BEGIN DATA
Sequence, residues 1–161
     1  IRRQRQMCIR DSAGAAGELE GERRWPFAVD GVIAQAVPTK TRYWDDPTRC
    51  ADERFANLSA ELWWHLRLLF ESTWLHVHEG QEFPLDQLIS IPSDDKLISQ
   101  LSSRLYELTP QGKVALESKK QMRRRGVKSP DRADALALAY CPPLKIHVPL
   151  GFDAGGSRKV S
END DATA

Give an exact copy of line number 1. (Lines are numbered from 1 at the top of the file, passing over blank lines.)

Sequence, residues 1–161